Lowell House CEO Bill Garr to step down next month

Retirement


Lowell House CEO Bill Garr dedicated the nonprofit’s new lobby to donor Nancy Donahue in a ceremony on November 13, 2019. (Material photograph of the sun)

Lowell — Bill Garr, who served as CEO of Lowell House Addiction Treatment and Recovery for 10 years, will continue to do so next month as he prepares to be replaced by Nashua Soup Kitchen executive director Michael Reinke. resign from the job.

Garr’s final day at Lowell House will be July 3, and Reinke will become CEO on July 5. Garr said Friday he was proud of how the nonprofit has grown during his decade-long tenure as CEO.

“We are a $10 million agency that has grown a lot in 10 years,” Garr said. “Ten years ago, we had less than $1 million in assets. At this point, it’s a complex midsize agency.”

Garr said Lowell House was on the brink of bankruptcy at the time, but was financially stable. Aside from a two-month shutdown, Lowell House has not cut staff or scaled back its services or programs during the COVID-19 pandemic, he said.

In August of this year, Garr said he expected a modest 27-unit apartment complex at 555 Merrimack Street to open for people with substance abuse disorders, an effort he said had been underway for nine years. Stated.

Garr’s decision to retire was “a good time to quit,” he said, with the organization in the hands of talented staff. Garr, who has been CEO of five different agencies for 50 years, said it was time to spend more time with his family.

“I think it’s time to bring in younger talent and people with different skills to move the agency forward,” Garr said.

Reinke was executive director of Nashua Soup Kitchen and Shelter for seven years, during which time he raised more than $9 million in capital efforts to build much-needed new shelters.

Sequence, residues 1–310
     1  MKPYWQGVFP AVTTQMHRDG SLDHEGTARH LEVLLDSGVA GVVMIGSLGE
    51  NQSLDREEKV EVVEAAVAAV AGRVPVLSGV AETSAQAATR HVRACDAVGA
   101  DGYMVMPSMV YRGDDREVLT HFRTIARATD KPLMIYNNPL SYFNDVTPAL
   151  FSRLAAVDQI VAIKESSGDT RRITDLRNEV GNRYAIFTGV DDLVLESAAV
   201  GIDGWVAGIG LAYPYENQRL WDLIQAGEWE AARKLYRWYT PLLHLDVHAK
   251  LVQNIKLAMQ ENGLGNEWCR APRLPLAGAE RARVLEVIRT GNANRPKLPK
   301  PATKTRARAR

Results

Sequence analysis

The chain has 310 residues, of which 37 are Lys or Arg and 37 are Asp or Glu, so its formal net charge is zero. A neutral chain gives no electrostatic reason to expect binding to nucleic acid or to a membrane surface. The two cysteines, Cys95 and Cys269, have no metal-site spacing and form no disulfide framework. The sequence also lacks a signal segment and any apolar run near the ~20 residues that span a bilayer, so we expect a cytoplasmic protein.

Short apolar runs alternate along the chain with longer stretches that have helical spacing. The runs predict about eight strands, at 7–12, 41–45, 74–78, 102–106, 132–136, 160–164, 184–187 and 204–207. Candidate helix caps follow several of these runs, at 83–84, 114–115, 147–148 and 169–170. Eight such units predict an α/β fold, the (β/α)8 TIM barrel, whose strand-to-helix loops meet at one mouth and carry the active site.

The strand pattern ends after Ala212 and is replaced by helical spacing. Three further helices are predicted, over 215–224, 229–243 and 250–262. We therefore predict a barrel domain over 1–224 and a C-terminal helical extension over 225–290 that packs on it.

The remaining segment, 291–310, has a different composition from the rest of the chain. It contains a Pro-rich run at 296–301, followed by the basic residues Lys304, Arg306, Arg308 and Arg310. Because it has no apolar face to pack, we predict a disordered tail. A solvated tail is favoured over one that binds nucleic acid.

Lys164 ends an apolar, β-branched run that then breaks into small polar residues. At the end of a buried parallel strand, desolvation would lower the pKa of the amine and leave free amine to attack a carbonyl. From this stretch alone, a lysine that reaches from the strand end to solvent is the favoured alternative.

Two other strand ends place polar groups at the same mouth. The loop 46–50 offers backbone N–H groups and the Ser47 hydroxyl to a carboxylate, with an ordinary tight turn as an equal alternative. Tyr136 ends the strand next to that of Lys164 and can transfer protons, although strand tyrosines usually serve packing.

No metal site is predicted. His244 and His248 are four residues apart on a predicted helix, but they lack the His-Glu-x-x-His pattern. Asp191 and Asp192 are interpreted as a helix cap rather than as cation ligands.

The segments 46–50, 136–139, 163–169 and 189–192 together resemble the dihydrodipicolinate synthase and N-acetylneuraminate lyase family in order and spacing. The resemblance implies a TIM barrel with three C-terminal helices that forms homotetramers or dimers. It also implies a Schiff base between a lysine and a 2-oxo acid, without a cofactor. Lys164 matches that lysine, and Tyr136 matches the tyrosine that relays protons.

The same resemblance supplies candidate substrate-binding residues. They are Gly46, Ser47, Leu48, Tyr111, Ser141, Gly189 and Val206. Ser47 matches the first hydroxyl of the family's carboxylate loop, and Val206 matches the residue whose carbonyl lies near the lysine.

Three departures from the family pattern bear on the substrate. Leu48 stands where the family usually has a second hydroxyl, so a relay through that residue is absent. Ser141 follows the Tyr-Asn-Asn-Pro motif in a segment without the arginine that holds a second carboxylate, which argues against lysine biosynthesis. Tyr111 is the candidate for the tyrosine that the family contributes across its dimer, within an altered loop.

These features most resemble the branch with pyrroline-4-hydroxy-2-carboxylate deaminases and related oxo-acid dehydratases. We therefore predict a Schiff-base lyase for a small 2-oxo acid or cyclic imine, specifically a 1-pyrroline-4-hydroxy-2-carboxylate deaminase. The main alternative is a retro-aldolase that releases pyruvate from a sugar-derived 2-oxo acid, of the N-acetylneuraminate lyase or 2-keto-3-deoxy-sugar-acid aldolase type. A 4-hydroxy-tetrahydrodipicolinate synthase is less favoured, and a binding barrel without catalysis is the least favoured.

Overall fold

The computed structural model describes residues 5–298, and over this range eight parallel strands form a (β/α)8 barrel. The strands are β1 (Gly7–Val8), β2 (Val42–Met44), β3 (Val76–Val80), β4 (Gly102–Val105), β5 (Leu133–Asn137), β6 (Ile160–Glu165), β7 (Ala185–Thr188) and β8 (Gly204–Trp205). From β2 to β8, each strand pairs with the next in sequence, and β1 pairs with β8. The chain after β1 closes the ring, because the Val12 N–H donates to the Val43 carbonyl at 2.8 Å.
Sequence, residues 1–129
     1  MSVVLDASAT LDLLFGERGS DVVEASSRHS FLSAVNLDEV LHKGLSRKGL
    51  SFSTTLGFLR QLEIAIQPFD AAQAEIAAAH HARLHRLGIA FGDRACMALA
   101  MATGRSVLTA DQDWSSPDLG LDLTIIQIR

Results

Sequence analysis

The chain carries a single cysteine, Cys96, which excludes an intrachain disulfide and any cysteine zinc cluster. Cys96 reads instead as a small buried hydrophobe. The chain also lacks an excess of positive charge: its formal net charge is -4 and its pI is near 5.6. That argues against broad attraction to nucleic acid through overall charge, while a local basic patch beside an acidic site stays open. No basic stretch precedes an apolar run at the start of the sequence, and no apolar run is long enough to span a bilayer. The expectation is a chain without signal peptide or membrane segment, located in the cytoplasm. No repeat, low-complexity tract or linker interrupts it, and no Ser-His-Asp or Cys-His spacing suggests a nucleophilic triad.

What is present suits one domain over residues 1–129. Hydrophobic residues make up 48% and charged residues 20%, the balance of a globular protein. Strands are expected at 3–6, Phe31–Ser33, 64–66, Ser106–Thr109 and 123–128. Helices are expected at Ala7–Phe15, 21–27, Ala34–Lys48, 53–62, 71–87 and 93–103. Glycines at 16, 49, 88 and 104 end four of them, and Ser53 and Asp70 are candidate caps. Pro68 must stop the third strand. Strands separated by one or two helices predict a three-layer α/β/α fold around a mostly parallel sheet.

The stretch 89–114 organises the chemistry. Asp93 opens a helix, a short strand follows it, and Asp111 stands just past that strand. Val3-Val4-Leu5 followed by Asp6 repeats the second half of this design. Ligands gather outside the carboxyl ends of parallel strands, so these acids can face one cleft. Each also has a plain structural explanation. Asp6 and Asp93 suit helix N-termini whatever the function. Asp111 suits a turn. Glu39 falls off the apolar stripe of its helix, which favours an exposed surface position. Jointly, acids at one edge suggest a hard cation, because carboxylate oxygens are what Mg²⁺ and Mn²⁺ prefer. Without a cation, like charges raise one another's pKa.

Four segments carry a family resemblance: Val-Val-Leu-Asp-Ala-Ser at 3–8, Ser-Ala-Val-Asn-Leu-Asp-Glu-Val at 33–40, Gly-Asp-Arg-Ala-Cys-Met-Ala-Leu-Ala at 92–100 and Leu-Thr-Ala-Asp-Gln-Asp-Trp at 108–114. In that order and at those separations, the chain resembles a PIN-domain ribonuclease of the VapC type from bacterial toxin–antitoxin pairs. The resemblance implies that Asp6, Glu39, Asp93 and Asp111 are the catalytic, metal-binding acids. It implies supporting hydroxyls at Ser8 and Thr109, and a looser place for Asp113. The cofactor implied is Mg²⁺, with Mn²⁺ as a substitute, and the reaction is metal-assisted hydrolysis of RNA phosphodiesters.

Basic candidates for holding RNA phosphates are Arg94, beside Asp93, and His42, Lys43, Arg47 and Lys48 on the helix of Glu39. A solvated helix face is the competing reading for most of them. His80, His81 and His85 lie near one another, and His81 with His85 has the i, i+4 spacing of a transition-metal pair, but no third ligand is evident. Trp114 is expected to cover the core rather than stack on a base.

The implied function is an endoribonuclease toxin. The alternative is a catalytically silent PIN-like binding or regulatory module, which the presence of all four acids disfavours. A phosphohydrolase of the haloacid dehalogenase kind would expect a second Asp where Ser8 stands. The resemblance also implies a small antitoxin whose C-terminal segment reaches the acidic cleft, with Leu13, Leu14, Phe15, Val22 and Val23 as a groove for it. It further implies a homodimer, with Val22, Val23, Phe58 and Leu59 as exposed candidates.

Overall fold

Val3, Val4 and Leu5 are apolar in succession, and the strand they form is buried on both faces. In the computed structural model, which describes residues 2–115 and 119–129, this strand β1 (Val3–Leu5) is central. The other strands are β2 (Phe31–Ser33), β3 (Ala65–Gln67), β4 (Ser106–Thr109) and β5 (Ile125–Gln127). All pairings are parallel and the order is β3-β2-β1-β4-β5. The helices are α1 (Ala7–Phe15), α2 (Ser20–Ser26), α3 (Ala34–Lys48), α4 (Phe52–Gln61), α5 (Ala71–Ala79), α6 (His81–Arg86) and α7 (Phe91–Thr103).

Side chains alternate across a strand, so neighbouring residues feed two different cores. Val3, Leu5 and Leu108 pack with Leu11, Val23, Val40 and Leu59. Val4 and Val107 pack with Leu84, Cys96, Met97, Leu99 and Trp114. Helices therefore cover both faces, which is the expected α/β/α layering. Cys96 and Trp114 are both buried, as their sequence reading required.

“Since around 1987, I have been working with the most at-risk people in the field of welfare services,” Reinke said Friday. “This is a great next step for me and most importantly, a place where I feel I can really make a difference.”

Reinke said he wants Lowell House to be more involved with the community and is looking to improve some of the organization’s facilities.

“The facility at 101 Jackson St. is a great facility and looks really great. It would be great if all of our facilities reflected their presence and physical standards to support the people who visit us.” said Mr. Reinke.

In a written statement, Chairman of the Board John Kurland praised Garr’s stay at Lowell House.

“Bill’s ability to strategically plan our trajectory of service to our clients, develop a great team to execute these strategies, and keep the agency financially sound over the years will be a tremendous asset to Lowell and the local community.” It’s a true legacy of Bill,” Kurland said. “As the chairman once said, he sought to move us forward into the future as a ‘force to be reckoned with’ in recovery.”

Kurland also said the board is pleased to welcome Reinke as the new CEO to build on Garr’s success.

“We believe Mike brings the dedication, experience, personality and collaboration needed to lead LHATR into its next phase of growth,” Kurland said.

Lowell House staff and executives plan to celebrate Garr’s retirement on July 15 at Café Escadrille in Burlington. If you are interested in participating, please call Silvia Dominguez-Bodie (781-296-6275) for more information.

Lowell House first opened in 1971 with a mission to help rebuild the lives of people recovering from substance abuse disorders. They offer both internment and outpatient programs, counseling, and re-entry programs for those released from prison.



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